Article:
Last Updated on July 15, 2023 by SERP Kingz
“In a world of ever-watching machines, a whisper often speaks as loud as a shout; we speak, they listen, and thus is birthed the omnipresent digital marketer.”
– Old Wookiee Proverb
In the tranquility of our homes, there was once an intimacy reserved for family, loved ones, and perhaps a furry confidant or two. That old-fashioned serenity has since been infiltrated, not by an uninvited human guest, but by the ceaseless curiosity of our smart home companions—the constant digital marketers.
It puts me in mind of that old folk tale about the farmer and the farmer’s wife:
As the farmer spoke about his plans for the weekend, his wife queried in bemusement why he insisted on whispering.
“Because,” the farmer said with a conspiratorial wink, “Mark Zuckerberg may be listening.”
The farmer laughed.
The farmer’s wife laughed.
Google Assistant laughed.
Alexa said, “Sorry, I didn’t catch that.”
Cortana wasn’t there, but she probably would have laughed too.
The laughter died away, replaced by a disconcerting awareness of our ever-listening, ever-watching, digital observers.
How did we get here?
And when did our private, home-bound conversations become the entertainment for our smart devices? Is there even such a thing as a private conversation anymore?
Or are we forever performing on the stage of big tech companies, our every word and laugh being observed, analyzed and stored away for purposes we may never fully comprehend? (Spoiler: It’s for marketing to us)
It just goes to show you that in the realm of constant surveillance, the farmer’s whisper to his wife carries more weight than the crowing rooster—when they chuckle, their digital harvesters echo the laughter. Or whatever.
But hey—that’s just a simple SEO man’s opinion.
Still not sure what this article is about?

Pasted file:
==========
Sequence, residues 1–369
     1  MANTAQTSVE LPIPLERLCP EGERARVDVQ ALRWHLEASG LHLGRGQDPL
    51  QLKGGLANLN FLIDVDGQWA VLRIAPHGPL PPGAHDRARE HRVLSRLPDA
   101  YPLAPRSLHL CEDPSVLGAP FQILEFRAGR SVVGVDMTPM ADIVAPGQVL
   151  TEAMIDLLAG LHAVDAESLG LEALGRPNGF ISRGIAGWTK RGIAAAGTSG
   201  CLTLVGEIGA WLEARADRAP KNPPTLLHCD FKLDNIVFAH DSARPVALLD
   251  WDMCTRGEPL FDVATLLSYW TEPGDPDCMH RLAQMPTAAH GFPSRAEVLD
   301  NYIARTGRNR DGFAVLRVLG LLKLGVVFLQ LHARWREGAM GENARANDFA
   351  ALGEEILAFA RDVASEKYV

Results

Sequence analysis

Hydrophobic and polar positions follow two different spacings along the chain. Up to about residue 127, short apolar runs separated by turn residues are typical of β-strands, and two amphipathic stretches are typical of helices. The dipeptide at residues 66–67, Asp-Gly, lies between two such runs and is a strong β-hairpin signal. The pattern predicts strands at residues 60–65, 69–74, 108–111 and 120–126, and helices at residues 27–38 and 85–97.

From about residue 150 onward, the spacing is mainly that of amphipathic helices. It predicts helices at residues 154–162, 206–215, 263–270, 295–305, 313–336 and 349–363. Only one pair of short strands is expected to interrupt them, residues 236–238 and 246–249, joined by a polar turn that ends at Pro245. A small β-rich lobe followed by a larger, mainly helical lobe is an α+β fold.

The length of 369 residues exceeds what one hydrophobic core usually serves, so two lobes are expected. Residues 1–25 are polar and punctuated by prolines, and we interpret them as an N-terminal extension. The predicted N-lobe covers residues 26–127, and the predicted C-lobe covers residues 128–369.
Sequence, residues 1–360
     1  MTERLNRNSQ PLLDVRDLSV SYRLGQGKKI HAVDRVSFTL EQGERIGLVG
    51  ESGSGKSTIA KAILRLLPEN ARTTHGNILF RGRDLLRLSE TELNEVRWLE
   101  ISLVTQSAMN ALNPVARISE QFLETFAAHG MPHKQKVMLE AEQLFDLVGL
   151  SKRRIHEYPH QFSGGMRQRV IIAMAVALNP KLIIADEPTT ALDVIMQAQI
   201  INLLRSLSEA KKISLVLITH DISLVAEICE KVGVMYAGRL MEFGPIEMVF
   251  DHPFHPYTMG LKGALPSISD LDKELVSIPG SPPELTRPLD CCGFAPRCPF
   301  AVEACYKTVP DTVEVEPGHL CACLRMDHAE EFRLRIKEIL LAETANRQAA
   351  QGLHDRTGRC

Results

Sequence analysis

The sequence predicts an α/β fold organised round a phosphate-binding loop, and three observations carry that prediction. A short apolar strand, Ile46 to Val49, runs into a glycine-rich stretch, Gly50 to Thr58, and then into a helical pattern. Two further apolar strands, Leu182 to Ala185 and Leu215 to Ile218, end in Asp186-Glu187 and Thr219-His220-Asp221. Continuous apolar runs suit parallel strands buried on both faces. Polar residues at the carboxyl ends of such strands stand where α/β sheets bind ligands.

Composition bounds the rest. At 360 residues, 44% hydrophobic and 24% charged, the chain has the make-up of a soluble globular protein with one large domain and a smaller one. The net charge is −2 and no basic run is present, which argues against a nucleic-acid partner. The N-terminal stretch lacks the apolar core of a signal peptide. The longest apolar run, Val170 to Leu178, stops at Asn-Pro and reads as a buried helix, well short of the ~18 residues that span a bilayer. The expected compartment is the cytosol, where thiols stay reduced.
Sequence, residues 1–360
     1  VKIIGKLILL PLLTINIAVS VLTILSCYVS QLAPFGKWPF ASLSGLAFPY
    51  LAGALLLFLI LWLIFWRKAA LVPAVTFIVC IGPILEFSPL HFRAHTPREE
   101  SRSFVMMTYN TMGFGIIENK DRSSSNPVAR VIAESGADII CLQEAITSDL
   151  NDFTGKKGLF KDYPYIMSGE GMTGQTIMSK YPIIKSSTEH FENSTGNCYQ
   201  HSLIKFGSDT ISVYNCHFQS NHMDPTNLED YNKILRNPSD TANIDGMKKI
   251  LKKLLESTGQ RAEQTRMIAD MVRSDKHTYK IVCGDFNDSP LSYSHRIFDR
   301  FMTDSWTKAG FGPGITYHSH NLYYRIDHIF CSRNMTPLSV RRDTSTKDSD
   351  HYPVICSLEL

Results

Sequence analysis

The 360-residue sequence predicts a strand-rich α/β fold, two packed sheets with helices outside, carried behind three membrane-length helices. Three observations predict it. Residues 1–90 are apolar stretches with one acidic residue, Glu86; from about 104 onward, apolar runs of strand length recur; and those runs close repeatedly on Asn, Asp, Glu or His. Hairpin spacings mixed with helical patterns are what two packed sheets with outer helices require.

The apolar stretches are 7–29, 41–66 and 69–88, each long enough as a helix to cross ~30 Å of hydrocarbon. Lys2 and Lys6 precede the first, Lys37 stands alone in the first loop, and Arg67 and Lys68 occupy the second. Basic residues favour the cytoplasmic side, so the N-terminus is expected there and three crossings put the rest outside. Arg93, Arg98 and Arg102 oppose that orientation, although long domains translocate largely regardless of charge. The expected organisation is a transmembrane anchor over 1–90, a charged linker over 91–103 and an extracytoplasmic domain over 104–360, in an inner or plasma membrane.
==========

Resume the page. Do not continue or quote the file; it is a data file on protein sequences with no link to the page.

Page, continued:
I don’t blame you.
This article seeks to answer the mystery of how these companies seem to always be ‘in the know’…
Capturing our data without us consciously handing it over.
Back on track, if you’ve ever found yourself wondering how it is you received a follow up email about a product you were just browsing—from a website you didn’t input your information on—then join us as we dive into the rabbit hole of digital data collection in 2023.
Did You Know? Steve Ballmer tried to name Cortana “Bingo” before he left Microsoft.
Chapter 1: The Omnipresent Digital Marketers
How it All Works
In the digital world, every interaction is a potential data point ripe for harvesting.
And it’s not just the aforementioned smart devices that engage in it—it’s cookies, too.
You visit a website, leave a comment on a blog, play a game, even just passively surf the internet—all these activities feed data to the machines that constantly observe and analyze us.
You may not have explicitly given out your email address, yet you start to receive promotional emails.
This is no coincidence. It’s the consequence of sophisticated tracking methods designed to understand your behavior and preferences.
Website owners often employ cookies—small files stored on your device that allow them to track your online behavior.
They help websites remember you, keep you logged in, and all other kinds of genuinely convenient stuff.
And they also allow companies to collect information about your online activities.
They can then use this data to create a detailed profile about you, which can be used to target you with personalized ads or even sold to other companies.
This is how you receive emails from companies you’ve never “explicitly” interacted with before.
Certain companies—actually, let’s use a completely made-up stand-in company named “TrackPals”—collect data from a variety of different sources and then help businesses send these unsolicited marketing emails to unsuspecting people.
Even if you don’t provide your name or email address on a company’s website, if they are working with “TrackPals,” they can gather identifiable information from you such as your device type, IP address, operating system etc.
TrackPals can then cross-reference that information with any existing records in their massive database. Which can include emails from social media platforms, public forums, and other online services.
If a match is found, TrackPals provides the business with your email address and possibly other information they have on you as well.